Now: the last day of the year. What a good time to mention some items that didn’t make it in!
So, in no special order:
We lost Stephen Birmingham, the non-Jew who chronicled our varied culture in three best-selling books: Our Crowd: The Great Jewish Families of New York; The Grandees: America’s Sephardic Elite; and, lastly, The Rest of Us: The Rise of America’s Eastern European Jews. Old stuff, but still worth a read today.
Poland finally publicly honored 50 elderly Christians who saved Jews in their country during the Holocaust. Among them, 100-year-old Janusz Durko, rescuer of 20. A representative of the Jewish Foundation for the Righteous, which sends monthly support to these long-forgotten heroes, came to Warsaw from the U.S. to honor them.
And a week ago in New York, the Institute for World Jewish Studies similarly honored — posthumously — King Mohammed V of Morocco, for protecting its quarter-million Jews from Nazi persecution during the 1940s.
My favorite columnist, Paul Greenberg, hit age 78 and decided to step down from his position as editorial page editor of the Arkansas Democrat-Gazette after 23 years. But the good news is that he’ll keep right on writing his Pulitzer Prize-winning opinions.
Meet a rabbi different from all others: Gershom Sizomu, the first black from sub-Saharan Africa to be ordained in the U.S., leads the Abayudaya congregation of 2,000 in Uganda. He plans to run for a seat in his government’s parliament next year.
Consider these identical twins, separated at birth in Trinidad, 1933: Jack Yufe, raised there as a Jew; brother Oscar Stohr, reared in Nazi Germany as a member of the Hitler Youth movement. The two didn’t meet until they were 21, and didn’t like each other much — because basically, they were so alike! Stohr died in 1997; Yofe passed away just last month.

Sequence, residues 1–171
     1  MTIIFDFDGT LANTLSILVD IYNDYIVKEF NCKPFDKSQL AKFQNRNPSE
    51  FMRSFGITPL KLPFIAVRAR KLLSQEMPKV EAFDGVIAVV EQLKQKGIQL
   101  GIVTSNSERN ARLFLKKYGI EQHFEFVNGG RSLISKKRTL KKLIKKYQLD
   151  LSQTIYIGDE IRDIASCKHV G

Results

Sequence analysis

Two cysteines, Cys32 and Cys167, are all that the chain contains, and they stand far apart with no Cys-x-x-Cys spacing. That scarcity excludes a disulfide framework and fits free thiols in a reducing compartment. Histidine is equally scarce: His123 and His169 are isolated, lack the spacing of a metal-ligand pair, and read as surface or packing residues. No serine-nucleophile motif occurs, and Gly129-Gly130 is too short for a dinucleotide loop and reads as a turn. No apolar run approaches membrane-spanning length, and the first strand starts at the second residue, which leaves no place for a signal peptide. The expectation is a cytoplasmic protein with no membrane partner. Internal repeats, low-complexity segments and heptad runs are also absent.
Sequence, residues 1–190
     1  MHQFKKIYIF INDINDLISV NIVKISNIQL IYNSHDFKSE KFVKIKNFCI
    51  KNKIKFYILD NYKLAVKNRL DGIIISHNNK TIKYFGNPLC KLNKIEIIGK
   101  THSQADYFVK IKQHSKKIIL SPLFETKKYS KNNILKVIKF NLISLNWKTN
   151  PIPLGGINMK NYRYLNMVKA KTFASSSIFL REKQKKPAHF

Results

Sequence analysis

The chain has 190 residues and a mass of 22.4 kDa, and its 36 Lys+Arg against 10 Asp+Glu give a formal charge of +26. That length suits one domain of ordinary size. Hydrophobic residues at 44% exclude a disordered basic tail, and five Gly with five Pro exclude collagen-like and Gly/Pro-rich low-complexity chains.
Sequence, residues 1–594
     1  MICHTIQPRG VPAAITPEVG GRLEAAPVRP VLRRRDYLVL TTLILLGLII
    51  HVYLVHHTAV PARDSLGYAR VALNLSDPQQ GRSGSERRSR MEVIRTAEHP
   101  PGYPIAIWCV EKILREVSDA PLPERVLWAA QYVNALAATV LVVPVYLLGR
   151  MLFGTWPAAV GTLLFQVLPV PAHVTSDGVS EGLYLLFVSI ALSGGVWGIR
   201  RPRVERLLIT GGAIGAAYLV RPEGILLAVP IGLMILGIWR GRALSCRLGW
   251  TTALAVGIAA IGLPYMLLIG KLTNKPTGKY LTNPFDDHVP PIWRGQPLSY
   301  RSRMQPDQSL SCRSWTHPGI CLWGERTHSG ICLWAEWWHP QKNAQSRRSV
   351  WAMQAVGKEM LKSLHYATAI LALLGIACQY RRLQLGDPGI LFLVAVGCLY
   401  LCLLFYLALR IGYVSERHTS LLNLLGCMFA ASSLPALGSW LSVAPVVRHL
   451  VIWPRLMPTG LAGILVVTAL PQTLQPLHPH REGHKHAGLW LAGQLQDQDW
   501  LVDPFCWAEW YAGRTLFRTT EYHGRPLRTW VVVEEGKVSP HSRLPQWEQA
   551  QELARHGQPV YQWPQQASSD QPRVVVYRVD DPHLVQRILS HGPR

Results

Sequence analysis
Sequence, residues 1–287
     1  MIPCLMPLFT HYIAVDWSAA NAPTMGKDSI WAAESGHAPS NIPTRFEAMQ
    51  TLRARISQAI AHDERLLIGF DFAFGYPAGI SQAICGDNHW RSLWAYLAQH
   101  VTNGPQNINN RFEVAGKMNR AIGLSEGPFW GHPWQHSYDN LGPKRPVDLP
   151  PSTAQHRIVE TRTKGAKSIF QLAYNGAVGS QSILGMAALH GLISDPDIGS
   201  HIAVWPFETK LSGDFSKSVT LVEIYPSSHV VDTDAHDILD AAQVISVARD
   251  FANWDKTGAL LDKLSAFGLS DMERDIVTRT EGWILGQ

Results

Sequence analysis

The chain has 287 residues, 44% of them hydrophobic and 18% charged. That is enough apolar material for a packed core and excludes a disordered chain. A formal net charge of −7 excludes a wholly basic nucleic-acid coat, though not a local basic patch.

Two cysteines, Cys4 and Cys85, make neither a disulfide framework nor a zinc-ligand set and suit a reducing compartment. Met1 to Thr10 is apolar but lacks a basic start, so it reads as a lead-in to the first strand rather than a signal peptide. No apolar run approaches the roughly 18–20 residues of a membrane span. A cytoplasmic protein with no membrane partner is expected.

Legos and outsize EverBlocks made great menorahs this year. Locally lifting Legos high were Chabad of Arlington and Congregation Ahavath Sholom of Fort Worth. The big bricks rose up at Washington, D.C.’s Ohev Sholom.
Here’s a new book on the market: The 613, the work of Brooklyn artist Archie Rand, a secular Jew who likes to paint big pictures on big themes. In 2008, after five years, he finished his series illustrating all the Torah’s commandments, without knowing when — or even if ever — this work would be displayed.
Now while the huge originals still crowd his studio, a much smaller bound version of the whole collection was published early in November by Rider Press. The New York Times calls the mitzvoth “rendered in the style of comics and pulp fiction book jackets, a dash of MAD Magazine, a spoonful of Tales of the Crypt, some grotesques, some superheroes, always action, emotion, drama.” Sounds like a $45 coffee table conversation piece bargain!
Another new book in a much more serious vein: The German War by Nicholas Stargardt. If there never was anything before to fully dispel the foul mouthings of Holocaust deniers and the fiction that Hitler’s citizenry knew nothing about what was going on in their country, here’s the evidence to do it: The author uses actual pictures from film that Nazi soldiers sent home for their families to develop.
And, finally, my favorite quote of 2015 — such a good one to end this year on, and to begin with in 2016. Who said it? Who knows for sure! But here’s a new path to follow, starting tomorrow:
There comes a time in your life when you walk away from all the drama and the people who create it. You surround yourself with people who make you laugh. Forget the bad, and focus on the good. Love the people who treat your right; pray for the ones who don’t. Life is too short to be anything but happy. Falling down is part of life; getting back up is living.
Happy New Year to us all!